Tom Scotland became something of a hero after he managed to steer his stricken Halifax bomber away from housing in a West Yorkshire village and crash land it into a nearby field.
Amazingly he managed to escape from the burning plane relatively unscathed and after being helped from the wreckage by locals in fields known as Devil’s Glen he was taken by his rescuers to the nearby Saville Arms in Hunsworth, near Cleckheaton, where he was given a stiff drink.
Mr Scotland died last year but his son, John, has travelled to Yorkshire from Australia, where his father lived, to see a memorial unveiled to mark the seventieth anniversary of the events of that remarkable night.
Also among the party was Bill Duncanson, who as a schoolboy, was in a group who saw the plane crash out of the skies and who ran to the pub and peered through the windows to see Mr Scotland.
The fleeting glimpse of the pilot who had helped avert a disaster was to be the last that Mr Duncanson would see of him until 2003, when remarkably the pair discovered by chance that they were both in Australia and living within ten miles of each other in Perth.
“The crash had a huge impact upon my father’s life,” Mr Scotland said.
“Dad described that he wanted to jump out of the plane but after he had told the rest of his crew to bail out and by the time he got ready to bail out he realised he was in a built-up area so he had to jump back into the seat and fly somewhere not as built up – which is what he did,” he added.
During his visit Mr Scotland also travelled to the Yorkshire Air Museum, at Elvington, near York, where he was given a tour of the museum and was shown a Halifax bomber like the one his father flew.
“My dad primarily flew Halifax bombers. I am getting to see a real Halifax. I have never seen one before.”
He said he was looking forward to clambering aboard the plane and getting a feel for what life was like for his father.
Mr Duncanson was one of four boys who witnessed the crash on Boxing Day 1943. The others were Arthur Hobson, John Jackson and Granville Clarke.
In later years Mr Hobson began a campaign to have Mr Scotland’s bravery remembered, enlisting the help of Spen MP Mike Wood, who asked Spen Valley Civic Society and Drub Village Institute to take on the project for a memorial on Drub village green.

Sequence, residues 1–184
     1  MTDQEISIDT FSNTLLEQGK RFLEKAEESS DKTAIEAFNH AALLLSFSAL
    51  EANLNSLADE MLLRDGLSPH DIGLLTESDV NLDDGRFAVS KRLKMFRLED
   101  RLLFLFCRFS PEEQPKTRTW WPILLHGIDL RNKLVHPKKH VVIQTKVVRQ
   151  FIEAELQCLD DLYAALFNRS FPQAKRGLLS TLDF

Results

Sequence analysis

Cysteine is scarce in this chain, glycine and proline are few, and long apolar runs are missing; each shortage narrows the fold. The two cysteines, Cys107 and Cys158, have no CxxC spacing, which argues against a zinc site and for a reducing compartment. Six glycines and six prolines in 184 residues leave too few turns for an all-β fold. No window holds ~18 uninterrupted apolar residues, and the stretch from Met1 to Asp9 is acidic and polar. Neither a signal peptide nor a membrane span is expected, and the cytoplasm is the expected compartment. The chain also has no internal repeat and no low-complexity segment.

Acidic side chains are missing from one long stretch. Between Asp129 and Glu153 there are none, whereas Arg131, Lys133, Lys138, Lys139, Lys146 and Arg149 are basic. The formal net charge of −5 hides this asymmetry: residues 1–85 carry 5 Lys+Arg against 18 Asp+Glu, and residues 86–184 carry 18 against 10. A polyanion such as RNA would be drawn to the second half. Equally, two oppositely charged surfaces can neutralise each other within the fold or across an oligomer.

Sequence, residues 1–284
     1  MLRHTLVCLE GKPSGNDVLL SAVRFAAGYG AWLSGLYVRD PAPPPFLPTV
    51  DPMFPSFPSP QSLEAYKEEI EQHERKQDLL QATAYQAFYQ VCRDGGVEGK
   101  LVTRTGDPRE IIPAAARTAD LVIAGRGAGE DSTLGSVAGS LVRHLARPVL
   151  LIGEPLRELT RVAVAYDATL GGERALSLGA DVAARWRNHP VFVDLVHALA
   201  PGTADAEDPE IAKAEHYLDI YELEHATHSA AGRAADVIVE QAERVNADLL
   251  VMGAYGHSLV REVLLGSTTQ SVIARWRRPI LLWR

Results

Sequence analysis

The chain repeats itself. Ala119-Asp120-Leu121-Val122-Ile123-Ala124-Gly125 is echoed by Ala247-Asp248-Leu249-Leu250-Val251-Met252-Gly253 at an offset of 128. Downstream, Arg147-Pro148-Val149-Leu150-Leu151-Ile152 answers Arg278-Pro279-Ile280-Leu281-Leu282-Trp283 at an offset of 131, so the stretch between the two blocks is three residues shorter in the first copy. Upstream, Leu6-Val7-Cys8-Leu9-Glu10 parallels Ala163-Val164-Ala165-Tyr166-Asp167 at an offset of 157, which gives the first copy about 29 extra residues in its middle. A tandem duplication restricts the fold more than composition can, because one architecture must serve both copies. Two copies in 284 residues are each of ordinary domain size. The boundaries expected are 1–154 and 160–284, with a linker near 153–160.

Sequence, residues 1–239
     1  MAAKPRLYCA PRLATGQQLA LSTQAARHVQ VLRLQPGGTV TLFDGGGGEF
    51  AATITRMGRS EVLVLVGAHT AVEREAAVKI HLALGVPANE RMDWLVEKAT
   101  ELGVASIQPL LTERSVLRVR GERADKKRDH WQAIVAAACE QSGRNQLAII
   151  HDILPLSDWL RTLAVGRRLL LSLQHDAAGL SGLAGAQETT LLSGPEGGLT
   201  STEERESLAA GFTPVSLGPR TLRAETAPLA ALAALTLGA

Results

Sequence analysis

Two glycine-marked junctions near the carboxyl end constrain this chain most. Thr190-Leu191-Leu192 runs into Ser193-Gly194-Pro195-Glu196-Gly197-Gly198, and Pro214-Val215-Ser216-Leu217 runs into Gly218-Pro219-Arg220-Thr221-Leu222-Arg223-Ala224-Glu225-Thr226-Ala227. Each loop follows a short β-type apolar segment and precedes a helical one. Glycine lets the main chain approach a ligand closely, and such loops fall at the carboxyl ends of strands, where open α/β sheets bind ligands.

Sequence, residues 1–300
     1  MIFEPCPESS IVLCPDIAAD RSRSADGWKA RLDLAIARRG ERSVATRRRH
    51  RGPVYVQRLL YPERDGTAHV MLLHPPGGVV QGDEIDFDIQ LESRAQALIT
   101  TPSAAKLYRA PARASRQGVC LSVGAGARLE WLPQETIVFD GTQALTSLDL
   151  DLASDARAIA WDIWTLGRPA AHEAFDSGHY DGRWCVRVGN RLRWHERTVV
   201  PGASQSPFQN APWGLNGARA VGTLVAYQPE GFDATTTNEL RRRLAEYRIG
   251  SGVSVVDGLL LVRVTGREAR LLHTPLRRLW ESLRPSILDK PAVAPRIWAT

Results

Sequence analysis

Both Mr Duncanson and Mr Scotland were in Drub to witness the memorial being unveiled.
“It was planned it would be unveiled last year and we were trying to get dad here while he was alive but he was just too ill,” Mr Scotland said.
“This whole time has been remarkable; it’s been a very moving time for me.
“I just cannot describe how much it means to me.”
During the war the RAF Pathfinder pilot completed 63 missions. Mr Scotland recalls that when his father returned home it was clear he had lived through some difficult times.
“When he came back to Australia he did not sleep well; he had nightmares so we knew that something was wrong.
“When we were young he would talk about this crash because I think it was very significant for him.
“The other thing that he often talked about were his crew and how important they were to him.”
At the memorial unveiling in Drub, the scene of the crash, Mr Duncanson, who struck up a firm friendship with Mr Scotland in later years after he managed to trace him, told those gathered for the ceremony: “When Tom and I would meet in later years it became clear that Tom had a deep affection for this place and these people.
“It was more than a crash for Tom, it was something that really changed his life.
“This memorial stone will weather down until it becomes part of Drub, and kids will come by, jump and play on it and people will read the words on it and see that a Halifax bomber crashed here and will wonder how that happened.”